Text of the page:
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by Staff Writer / Montréal Canadiens

MONTREAL – The road to postseason success isn’t paved with any one special ingredient, but playoff veteran Brian Gionta insists there’s no secret to what makes championship teams tick.

In the midst of his 11th career appearance in the NHL’s second season – and his fourth as a member of the Canadiens – the 2003 Stanley Cup champ has experienced the memorable highs and inevitable lows that come with trying to reach hockey’s proverbial “promised land” and he’s learned as much from the ups as he has from the downs.

“It’s all about sticking together. You need a team that does that no matter what’s going on, especially when you’re facing adversity in the playoffs, which will inevitably happen to every team,” offered the Canadiens captain, who boasts 32 goals and 65 points in 103 career postseason tilts with New Jersey and Montreal.

“You win four games in a row and maybe things seem easy and you don’t have much adversity, but then you lose a big game. It’s about how you either respond to that or lose momentum,” added the 12-year NHL veteran, who has one goal and four points in eight playoff games in 2014 playing on a line with Rene Bourque and Lars Eller. “It comes down to how tight the group is and whether or not everybody is pulling in the same direction. Adversity is tough to deal with. You need a solid group.”

The Rochester, NY native is adamant the way in which the Habs battled all season long to maintain their standing in a competitive Atlantic division before giving both the Lightning and Bruins fits in the playoffs is a clear indication that the 2013-14 edition of the Canadiens has been on the same page since game one last fall.

“I sense that closeness here. We’ve faced our fair share of adversity throughout the regular season with injuries and some tough stretches. There are teams that kind of breeze through the year, make it to playoffs and then finally face some adversity and they struggle with it.

Facing that adversity during the season brought us together,” confided the 35-year-old father of three, who registered one goal and nine points in 24 games in the Devils’ 2002-03 Stanley Cup run that culminated in New Jersey’s third title in franchise history.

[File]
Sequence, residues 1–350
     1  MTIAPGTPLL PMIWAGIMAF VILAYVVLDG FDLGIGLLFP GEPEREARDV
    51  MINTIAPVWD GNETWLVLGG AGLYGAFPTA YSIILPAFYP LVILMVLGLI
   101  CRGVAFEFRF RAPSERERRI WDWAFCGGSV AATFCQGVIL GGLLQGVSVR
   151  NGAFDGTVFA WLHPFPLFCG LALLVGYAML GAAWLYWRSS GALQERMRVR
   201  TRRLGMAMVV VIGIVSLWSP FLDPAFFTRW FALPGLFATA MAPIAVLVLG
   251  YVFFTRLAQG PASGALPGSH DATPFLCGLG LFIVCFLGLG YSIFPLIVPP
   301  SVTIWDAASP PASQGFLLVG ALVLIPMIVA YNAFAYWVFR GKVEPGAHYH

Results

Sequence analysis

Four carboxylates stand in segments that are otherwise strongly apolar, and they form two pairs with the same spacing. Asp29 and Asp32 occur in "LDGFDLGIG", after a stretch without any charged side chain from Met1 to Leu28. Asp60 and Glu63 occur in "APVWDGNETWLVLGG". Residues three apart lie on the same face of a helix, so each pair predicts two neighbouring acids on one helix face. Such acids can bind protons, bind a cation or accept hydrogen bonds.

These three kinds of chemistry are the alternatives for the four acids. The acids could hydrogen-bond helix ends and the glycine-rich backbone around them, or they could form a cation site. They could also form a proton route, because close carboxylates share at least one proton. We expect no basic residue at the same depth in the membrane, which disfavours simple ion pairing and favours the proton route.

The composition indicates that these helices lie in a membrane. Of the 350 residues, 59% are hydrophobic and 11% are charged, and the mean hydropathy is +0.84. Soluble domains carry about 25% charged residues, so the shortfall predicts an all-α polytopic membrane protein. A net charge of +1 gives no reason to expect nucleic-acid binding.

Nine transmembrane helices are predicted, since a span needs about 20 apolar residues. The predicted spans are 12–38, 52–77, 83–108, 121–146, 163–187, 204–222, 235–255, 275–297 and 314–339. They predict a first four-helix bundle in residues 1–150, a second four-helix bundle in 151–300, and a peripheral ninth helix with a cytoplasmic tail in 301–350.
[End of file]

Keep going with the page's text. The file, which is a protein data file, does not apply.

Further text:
In Gionta’s eyes, strengthening that feeling of togetherness inside the Canadiens dressing room is all about sharing the leadership load, a concept the 2006 Olympian believes is essential to building team unity over the course of an 82-game season.

“It’s not one voice. It’s not two or three voices. It’s about everybody having their say and feeling like they’re part of the group. That’s what I try to make sure happens, that everybody is in here together, everybody has the same amount of say and feels like they’re a part of everything,” divulged Gionta, who captained Boston College to an NCAA crown during his senior season in 2000-01, pacing the Eagles with 33 goals and 54 points in 43 games.

“It’s about having everybody buy into the role they’re playing and making sure they know they’re a big part of the process,” continued the seven-time 20 goal scorer, who still holds the Devils’ single-season record with 48 goals in 2005-06. “Everybody needs to be a part of it. Everybody has a role. If they’re performing in their role, we’re going to be successful.”

That’s certainly been the case for Michel Therrien’s troops this postseason, with 13 of 20 skaters lighting the lamp behind opposing netminders and 18 players factoring in on the scoresheet at one time or another. The Habs’ ability to generate offense throughout the lineup isn’t lost on Gionta, who earned his Stanley Cup ring as part of a group that also spread point production around en route to claiming hockey’s top prize.

“I thought our depth in Round 1 was a huge key to our success. Having that depth and seeing everybody pitch in the way they did played a huge part in helping us come out on top,” explained Gionta, who proudly watched the Canadiens’ young guns and less-seasoned playoff performers demonstrate their exceptional poise in pressure situations against the Lightning.

“This time of year, it’s what you need. It’s all about matchups in the playoffs. Your top line is going to draw a tough matchup and it’s going to be a big, long and tough series for those guys who are getting keyed on,” added the shifty winger, whose name is etched on the Cup alongside Hockey Hall of Famers and former Devils Scott Niedermayer, Scott Stevens and Joe Nieuwendyk, all of whom he credits with teaching him the art of leadership early on in his NHL career. “It’s up to the rest of the guys to win their matchups, whether it’s the second line, third line or fourth. If you win those battles against the other team, you have a good chance of winning that series. It’s tough to stop a team that has that kind of depth.”

The same can be said about squads boasting players with a sure-fire passion for playoff hockey like Gionta, who already has the start of springtime’s most grueling test on his mind in early October.

“The playoffs are what you live for. It’s where you want to be year in and year out. The regular season is just about trying to prepare yourself for the postseason. Winning a Stanley Cup is what you dream of. Once you get to the playoffs, everybody starts fresh and you have that new chance to win,” confided Gionta. “I love the intensity and the pressure that comes with it. I love the atmosphere, too, no matter where you are. I enjoy just how important every play is. There’s no better time of year.”

Matt Cudzinowski is a writer for

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